A Boston developer surrendered to local authorities for his involvement in a 1 million dollar Miami scheme to defraud. Dennis Stackhouse allegedly stole money that was earmarked by the local legislature to revitalize Liberty City by building the bio-pharmaceutical park. A Miami-Dade County circuit court judge issued a warrant for his arrest for two counts of organized scheme to defraud and two counts of grand theft first degree. Stackhouse has hired a notable Miami criminal attorney to represent him in this highly publicized case. Anyone being investigated or arrested for their involvement in an organized scheme to defraud should hire an experienced Miami fraud lawyer to protect their interests.
The Miami-Dade County State Attorneys Office is alleging that Stackhouse created an intricate scheme to defraud revolving around his involvement with the Poinciana Project. The Poinciana Project was intended to revitalize an area of Miami that desperately needed the help. Stackhouse was supposed to build a real estate and commercial complex that would be home to several noteworthy tenants, such as Wyeth Pharmaceuticals and the Massachusetts Institute of Technology. Miami-Dade County State Attorney Katherine Fernandez-Rundle told reporters, "This greedy individual stole more than just money from our community; he stole the promise of jobs, hope and revitalization from one of our most needy communities."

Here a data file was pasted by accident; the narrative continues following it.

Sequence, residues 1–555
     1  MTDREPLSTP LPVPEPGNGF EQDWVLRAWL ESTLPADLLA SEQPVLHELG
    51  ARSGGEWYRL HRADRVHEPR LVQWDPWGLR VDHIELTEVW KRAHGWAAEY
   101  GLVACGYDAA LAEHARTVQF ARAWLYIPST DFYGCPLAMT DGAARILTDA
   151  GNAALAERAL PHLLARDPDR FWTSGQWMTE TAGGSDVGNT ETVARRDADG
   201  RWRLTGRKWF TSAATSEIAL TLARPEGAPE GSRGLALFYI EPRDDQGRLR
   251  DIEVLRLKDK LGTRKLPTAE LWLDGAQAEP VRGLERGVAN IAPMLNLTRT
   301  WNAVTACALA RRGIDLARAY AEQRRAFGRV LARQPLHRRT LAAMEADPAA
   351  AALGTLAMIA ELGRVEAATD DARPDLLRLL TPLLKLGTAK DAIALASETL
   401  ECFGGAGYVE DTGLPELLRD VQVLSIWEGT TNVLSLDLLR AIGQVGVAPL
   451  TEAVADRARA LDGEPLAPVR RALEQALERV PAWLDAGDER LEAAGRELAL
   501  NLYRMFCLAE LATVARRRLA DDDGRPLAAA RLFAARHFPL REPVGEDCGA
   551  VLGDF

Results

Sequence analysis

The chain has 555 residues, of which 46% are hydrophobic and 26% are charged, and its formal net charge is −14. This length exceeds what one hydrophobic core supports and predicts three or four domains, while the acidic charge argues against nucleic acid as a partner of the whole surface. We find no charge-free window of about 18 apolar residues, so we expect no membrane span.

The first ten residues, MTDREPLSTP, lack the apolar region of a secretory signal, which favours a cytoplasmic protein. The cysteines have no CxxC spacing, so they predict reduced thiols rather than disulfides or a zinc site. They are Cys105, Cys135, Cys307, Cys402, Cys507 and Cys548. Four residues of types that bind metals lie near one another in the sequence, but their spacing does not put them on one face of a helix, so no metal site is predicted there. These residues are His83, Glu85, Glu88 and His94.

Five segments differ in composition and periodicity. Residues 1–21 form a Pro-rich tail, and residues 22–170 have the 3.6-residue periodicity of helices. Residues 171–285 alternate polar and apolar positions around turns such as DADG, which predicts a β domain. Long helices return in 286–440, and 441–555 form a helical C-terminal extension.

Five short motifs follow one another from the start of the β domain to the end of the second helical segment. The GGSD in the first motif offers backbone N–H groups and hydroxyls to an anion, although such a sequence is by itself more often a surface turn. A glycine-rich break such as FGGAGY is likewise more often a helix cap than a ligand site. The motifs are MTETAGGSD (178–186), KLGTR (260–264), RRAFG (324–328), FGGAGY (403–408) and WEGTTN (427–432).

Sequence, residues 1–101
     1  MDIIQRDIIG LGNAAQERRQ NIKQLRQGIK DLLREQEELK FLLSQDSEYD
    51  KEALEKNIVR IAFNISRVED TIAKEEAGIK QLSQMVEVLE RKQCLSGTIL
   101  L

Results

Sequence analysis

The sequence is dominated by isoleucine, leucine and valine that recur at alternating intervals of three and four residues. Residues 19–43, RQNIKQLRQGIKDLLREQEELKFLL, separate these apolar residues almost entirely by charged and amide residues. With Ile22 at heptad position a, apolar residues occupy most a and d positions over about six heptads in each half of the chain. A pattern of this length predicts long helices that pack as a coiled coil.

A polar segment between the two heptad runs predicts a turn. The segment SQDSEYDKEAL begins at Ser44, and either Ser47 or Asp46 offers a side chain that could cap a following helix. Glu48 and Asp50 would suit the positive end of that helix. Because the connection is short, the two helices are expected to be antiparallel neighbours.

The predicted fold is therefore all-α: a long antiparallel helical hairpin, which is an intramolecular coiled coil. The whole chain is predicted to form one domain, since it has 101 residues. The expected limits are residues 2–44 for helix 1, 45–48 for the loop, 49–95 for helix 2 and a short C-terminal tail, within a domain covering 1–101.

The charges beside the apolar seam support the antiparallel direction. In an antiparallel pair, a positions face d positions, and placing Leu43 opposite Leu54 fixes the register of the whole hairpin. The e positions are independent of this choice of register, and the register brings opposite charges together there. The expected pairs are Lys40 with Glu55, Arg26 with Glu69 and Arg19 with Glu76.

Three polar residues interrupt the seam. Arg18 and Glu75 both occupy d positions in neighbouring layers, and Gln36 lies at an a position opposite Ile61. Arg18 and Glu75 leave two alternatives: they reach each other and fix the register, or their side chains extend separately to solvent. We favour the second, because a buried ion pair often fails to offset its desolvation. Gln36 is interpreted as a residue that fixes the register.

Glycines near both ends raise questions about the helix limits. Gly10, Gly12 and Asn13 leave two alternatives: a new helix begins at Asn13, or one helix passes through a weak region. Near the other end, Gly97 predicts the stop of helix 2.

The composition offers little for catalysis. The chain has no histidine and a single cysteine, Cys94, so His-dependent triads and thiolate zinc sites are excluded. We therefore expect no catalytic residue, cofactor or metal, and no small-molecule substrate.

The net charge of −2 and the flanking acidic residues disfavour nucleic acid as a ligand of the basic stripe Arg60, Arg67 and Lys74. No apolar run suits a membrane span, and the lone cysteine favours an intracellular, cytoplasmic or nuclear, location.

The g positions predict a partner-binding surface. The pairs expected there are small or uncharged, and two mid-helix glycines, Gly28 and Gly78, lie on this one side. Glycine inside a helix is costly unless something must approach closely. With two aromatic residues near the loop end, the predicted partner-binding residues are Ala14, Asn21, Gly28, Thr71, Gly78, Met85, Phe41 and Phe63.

Stackhouse leased 15 acres from the county which was to be used for the development. He secured funding from Tremont Realty, a Boston based finance company. Without Tremont's knowledge, Stackhouse secured a second loan using the same property as collateral from a real estate trust, Empowerment Trust. The arrest warrant alleges that Stackhouse submitted duplicate bill to both companies for the same work. Stackhouse double billed both companies to the tune of $600,000. The arrest warrant also alleged that he billed for work that was never completed.
The investigation completed by local authorities took months due the massive fraud. Authorities seized 53 boxes of documents from Stackhouse's office and subpoenaed numerous bank accounted to piece together the case. All of the monies fraudulently obtained from the lending institutions went into Stackhouse's personal accounts and business accounts for unrelated projects. Public corruption detectives from the Miami-Dade Police Department led the investigation.
Developer Arrested in Alleged Liberty City Fraud, The Miami Herald, October 29, 2009.